Implantation is a process in which a developing embryo, moving as a blastocyst through a uterus, to make contact with the uterine wall and remains attached to it until birth. The lining of the uterus which is called endometrium prepare for the developing blastocyst too attached to it via many internal changes. Implantation is the stage of pregnancy at which the embryo adheres to the wall of the uterus. At this stage of prenatal development, the conceptus is called the blastocyst. It is by this edition that the embryo receives oxygen and nutrients from the mother to be able to grow. Under normal circumstances comma fertilization occurs in one of the fallopian tube, then the fertilized egg begins to make its way to the uterus. On the 5th day after fertilization, the embryo finally reaches to the uterus, where it implants itself in the endometrium or uterine lining.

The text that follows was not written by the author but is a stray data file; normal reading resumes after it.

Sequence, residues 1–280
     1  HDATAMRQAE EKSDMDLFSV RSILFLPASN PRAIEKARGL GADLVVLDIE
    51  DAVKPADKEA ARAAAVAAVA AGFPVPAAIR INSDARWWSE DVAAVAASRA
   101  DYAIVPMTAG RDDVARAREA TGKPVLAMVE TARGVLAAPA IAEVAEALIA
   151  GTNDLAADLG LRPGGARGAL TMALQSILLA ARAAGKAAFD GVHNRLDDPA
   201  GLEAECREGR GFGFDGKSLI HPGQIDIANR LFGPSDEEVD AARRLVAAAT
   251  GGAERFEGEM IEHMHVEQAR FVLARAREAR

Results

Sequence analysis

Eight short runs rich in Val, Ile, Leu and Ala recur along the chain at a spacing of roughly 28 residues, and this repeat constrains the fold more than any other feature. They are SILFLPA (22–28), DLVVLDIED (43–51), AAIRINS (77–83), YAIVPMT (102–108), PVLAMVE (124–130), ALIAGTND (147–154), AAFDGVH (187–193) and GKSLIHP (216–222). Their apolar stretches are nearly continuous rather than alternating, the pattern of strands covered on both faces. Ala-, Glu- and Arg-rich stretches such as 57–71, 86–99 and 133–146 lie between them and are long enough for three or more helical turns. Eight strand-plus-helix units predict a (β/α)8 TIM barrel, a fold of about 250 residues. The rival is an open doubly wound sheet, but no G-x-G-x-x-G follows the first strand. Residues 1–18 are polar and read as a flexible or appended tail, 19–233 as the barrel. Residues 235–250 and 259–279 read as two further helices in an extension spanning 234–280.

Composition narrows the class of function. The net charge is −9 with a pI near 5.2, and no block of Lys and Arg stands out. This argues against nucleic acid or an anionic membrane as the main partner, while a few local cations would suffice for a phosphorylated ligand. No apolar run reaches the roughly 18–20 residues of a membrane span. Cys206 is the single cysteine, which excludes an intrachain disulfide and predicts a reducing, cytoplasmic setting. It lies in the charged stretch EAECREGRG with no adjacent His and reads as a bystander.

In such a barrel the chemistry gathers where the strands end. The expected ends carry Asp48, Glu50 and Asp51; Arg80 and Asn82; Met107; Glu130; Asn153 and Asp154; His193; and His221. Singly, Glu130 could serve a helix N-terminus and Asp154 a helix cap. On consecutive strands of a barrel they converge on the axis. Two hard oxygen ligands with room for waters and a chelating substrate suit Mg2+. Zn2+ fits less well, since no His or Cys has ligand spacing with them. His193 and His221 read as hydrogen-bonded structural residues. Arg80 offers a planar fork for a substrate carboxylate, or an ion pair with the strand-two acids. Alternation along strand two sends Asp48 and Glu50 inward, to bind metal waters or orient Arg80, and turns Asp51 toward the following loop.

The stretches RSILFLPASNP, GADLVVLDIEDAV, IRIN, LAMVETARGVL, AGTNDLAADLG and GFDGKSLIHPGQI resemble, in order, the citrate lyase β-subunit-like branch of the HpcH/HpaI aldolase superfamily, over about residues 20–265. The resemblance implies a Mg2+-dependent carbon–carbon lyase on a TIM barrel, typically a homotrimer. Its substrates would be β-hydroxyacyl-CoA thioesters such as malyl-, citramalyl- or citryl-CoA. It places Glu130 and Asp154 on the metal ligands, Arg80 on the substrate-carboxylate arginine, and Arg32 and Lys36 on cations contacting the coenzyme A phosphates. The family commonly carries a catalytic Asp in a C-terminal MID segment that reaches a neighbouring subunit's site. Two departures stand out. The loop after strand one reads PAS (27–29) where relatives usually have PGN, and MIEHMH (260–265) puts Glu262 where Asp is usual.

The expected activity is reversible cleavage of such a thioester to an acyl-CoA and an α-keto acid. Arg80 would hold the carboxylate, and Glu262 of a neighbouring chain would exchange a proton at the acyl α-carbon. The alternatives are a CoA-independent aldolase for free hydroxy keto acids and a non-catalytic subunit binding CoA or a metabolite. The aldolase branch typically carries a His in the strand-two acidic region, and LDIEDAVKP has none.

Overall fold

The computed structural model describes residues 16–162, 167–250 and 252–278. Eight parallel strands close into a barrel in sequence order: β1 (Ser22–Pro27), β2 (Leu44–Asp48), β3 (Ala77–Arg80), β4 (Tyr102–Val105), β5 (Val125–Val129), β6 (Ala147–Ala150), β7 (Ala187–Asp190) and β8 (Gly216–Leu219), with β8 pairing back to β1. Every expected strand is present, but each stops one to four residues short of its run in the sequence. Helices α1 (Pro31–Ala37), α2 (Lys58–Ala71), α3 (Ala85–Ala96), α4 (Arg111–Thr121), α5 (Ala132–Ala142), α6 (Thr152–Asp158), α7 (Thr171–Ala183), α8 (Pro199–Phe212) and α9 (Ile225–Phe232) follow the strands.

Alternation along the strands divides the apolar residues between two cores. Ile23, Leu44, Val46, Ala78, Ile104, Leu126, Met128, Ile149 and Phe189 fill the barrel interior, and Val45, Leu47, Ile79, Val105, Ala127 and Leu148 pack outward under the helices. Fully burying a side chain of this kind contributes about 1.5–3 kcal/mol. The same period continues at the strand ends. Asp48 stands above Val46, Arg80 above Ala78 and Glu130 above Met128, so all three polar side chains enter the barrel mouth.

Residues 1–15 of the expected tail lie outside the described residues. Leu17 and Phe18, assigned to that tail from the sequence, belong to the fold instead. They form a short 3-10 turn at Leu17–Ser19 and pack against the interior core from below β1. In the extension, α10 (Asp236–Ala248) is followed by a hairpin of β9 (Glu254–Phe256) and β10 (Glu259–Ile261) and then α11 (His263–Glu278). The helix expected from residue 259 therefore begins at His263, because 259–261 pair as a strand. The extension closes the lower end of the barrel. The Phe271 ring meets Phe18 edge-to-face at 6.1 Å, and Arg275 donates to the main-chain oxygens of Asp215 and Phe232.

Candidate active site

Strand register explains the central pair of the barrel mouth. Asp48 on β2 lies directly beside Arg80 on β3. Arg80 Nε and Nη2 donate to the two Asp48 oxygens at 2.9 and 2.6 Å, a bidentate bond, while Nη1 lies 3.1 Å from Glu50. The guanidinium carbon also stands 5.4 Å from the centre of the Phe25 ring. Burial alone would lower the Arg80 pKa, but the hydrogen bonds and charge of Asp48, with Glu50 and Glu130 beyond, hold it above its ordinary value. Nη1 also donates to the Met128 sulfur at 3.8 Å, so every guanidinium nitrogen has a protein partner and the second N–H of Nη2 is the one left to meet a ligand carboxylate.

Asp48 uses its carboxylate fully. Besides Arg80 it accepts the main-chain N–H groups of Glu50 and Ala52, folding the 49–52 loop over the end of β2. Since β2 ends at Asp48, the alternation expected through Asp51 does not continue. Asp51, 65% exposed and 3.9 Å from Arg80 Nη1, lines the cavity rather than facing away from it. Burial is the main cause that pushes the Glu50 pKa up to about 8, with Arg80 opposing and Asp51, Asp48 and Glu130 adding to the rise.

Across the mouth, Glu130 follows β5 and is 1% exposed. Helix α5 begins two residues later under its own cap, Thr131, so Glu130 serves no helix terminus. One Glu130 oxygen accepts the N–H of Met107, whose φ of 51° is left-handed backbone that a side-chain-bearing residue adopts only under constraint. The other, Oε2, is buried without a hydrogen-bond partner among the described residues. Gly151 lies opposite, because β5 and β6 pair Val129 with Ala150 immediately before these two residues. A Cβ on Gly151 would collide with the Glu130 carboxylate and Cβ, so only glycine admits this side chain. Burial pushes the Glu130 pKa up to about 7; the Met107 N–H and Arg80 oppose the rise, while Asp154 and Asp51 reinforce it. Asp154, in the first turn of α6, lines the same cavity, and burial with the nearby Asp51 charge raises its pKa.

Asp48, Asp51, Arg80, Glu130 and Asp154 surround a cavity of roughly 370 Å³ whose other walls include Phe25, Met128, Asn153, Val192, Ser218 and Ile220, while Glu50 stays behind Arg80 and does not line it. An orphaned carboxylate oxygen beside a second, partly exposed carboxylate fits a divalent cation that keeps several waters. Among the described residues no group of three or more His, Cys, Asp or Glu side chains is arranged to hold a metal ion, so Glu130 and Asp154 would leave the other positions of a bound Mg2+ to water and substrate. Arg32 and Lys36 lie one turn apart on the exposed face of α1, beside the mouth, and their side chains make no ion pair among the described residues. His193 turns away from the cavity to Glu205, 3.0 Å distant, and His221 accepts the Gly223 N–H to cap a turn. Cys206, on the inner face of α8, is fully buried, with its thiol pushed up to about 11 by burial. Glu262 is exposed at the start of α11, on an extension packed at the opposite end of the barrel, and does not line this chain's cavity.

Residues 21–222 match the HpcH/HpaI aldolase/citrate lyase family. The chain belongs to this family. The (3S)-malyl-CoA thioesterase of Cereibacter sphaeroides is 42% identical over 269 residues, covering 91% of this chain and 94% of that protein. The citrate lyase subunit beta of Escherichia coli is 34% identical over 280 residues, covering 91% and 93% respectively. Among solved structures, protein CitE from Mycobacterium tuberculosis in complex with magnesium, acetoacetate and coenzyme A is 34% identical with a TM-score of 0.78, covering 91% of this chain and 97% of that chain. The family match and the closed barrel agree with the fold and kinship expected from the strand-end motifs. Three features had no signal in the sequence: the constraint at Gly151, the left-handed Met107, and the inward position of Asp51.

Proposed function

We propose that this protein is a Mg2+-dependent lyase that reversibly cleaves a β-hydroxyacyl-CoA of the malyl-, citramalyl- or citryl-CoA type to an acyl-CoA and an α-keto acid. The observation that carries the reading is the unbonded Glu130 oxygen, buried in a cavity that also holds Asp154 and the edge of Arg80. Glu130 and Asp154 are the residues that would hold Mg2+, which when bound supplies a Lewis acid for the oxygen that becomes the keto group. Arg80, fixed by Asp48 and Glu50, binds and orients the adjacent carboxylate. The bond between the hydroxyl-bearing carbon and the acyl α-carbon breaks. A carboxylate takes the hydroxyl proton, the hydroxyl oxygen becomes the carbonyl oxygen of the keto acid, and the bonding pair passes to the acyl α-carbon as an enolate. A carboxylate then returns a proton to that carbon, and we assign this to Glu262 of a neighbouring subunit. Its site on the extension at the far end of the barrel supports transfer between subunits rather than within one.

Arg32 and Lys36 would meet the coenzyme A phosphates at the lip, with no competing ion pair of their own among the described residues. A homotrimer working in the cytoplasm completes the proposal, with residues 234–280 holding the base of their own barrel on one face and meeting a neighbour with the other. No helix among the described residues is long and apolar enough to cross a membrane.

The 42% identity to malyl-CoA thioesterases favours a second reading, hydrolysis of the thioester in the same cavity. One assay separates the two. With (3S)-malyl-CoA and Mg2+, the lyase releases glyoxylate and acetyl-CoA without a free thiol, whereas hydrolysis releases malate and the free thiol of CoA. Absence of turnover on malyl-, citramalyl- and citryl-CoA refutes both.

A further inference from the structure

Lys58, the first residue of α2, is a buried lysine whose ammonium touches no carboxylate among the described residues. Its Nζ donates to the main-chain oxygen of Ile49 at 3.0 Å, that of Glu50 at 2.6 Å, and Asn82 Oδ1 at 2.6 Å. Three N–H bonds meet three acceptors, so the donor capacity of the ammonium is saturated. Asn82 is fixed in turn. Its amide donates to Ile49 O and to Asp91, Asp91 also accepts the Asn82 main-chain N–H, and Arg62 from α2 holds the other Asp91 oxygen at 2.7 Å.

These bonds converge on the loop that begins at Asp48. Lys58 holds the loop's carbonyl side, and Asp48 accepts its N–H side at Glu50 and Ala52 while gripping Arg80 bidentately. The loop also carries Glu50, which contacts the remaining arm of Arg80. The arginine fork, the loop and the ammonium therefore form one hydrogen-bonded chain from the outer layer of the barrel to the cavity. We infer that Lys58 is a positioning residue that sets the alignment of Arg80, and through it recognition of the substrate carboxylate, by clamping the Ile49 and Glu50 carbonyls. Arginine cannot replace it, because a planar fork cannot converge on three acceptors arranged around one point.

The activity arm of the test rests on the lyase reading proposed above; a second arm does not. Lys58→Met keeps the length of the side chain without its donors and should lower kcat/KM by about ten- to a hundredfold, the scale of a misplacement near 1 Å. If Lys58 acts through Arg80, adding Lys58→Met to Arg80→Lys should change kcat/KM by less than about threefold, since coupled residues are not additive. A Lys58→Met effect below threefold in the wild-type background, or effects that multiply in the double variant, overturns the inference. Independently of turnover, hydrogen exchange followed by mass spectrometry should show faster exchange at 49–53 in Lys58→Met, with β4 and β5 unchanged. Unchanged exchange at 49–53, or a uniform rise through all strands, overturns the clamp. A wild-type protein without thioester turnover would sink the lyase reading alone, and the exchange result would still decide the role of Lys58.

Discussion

Embryo implantation failure is one of the reasons of infertility. Many embryos are not able to implant after transfer to the uterus because they are not healthy enough to grow. Even embryos that look good in the lab may have defects that cause them to die instead of growing. Stress also plays a major role in embryo implantation. When patient is going under IVF and IUI procedures stress can effect hormone that reduce blood flow to the uterus and endometrium lining making it less receptive to implantation.
Human blastocyst should hatch from the shell and begin to implant 1-2 days after day 5 blastocyst transfer. In a natural situation, the blastocyst should hatch and implant at the same time about 6 to 10 days after ovulation. The sign and symptom of implantation are your body’s way of welcoming you to pregnancy. While many women don't feel anything during the process, others report swollen breasts, light bleeding and a tender abdomen. Some feel woozy or have headache.